This gave me my first opportunity to see the rest of the vessel, and I was sorry I had not stayed in ignorance with my fellow refugees. This was the short list of our woes; several steady breaches in the exterior hulls of the pressurized modules; constant clogging of the air re-circulation system; seized or otherwise damaged mechanical systems all over the ship, most notably inter-modular apertures; and the persistent spread of a mossy brown growth along water conduits and in the food storage module.
It was at this time that I learned an interesting little fact about the “airlock activation indicator.” It indicated whether the airlock was activated from the inside or the outside. The crew knew the missing crewman had been murdered.
There were only three parts of the vessel I had not seen; the module below containing our mysterious guests, the “intended” passengers; the cockpit, or command module, above; and one of the large storage pods near the rear of the ship. This last I did not get to see because of my little scare.
I was asked to help maneuver a massy piece of machinery back to this storage module. Two crewmen helped steer at the front and back while Brown and I pushed or pulled on the middle to accelerate or decelerate this big hunk of metal through the weightless environment. In addition to malnutrition and exhaustion, the crew were also feeling the effects of zero-g atrophy, the symptoms of which I was careful to emulate. Moving this machine was a slow, excruciating process, and the pain from my hunger helped me simulate the pain of exertion.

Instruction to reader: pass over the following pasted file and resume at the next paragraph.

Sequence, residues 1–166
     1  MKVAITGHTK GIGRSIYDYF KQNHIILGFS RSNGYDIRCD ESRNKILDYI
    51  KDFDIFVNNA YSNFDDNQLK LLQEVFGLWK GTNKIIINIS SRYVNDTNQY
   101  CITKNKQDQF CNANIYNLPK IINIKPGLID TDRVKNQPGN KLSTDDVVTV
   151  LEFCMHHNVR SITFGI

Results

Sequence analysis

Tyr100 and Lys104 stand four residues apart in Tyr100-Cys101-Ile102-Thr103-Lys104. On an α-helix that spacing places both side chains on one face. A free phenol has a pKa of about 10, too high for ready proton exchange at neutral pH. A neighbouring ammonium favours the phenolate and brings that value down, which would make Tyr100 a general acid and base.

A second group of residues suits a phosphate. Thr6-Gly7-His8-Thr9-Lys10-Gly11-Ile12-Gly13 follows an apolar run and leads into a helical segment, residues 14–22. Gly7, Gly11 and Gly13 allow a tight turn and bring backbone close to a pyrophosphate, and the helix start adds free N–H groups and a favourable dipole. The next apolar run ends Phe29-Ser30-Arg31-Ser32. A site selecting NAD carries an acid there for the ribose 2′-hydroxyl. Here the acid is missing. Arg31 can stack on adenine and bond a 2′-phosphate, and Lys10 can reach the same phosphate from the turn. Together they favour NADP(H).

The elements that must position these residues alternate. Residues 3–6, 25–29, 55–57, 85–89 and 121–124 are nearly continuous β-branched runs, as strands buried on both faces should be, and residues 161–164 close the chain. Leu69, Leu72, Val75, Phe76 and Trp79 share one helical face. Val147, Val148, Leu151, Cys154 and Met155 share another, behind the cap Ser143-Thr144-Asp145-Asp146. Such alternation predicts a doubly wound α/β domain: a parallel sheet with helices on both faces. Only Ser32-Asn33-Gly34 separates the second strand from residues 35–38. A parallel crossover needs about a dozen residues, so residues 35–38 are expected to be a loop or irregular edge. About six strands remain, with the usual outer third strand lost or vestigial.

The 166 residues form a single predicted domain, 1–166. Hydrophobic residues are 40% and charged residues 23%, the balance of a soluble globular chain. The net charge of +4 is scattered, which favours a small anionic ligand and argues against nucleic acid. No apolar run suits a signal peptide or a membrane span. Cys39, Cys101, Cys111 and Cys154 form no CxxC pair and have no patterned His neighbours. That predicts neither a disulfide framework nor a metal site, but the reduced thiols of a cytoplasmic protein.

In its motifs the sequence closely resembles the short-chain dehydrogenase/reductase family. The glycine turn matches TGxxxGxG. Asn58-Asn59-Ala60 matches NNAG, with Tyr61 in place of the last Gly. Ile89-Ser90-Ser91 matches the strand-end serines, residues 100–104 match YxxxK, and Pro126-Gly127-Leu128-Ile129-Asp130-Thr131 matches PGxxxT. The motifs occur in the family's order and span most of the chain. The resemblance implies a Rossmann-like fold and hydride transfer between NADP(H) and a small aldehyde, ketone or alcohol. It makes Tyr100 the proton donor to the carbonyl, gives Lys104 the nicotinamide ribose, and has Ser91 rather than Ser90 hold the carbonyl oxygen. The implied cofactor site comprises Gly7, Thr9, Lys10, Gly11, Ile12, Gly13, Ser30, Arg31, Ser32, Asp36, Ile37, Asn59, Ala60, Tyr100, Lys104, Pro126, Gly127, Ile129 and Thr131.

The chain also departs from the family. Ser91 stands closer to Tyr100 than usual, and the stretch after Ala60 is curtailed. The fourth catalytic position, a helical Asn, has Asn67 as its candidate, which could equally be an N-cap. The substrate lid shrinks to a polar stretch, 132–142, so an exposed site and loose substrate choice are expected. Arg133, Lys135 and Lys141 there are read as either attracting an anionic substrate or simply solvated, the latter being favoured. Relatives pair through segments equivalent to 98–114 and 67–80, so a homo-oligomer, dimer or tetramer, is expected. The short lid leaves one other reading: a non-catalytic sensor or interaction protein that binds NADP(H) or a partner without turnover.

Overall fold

We approached the aperture to what was apparently a long plastic tunnel leading to the storage pod. We settled the machine against a wall and dangled panting from straps as a crewman opened the aperture.
The tunnel had a window. And the window was facing the sun.
To the crewmen, the sunlight must have been nothing, a few dust motes glittering in the air and a bright circle on the opposite tunnel wall. To me, it was a blinding band of white hot fire, its feeble light burning my eyes and face. I screamed hoarsely and flew back uncontrollably, my arms shielding my eyes.
Brown jumped at me, his arms outstretched. I almost batted him away, and might have killed him if I had. Instead I contracted into a ball, trying to face away from the light, and let him grab me and examine my face and body.
“What’s wrong?” he kept demanding, shaking me to get an answer.
The pain ebbed, and as soon as I could answer, I babbled some story about blinding headaches and painful hunger (both of which, at this point, were quite true), and begged to be allowed to return up fore. I think this ended any suspicion about my unusual health and strength. I was careful afterwards to avoid both the aft of the ship and the command module, which would undoubtedly also have a window.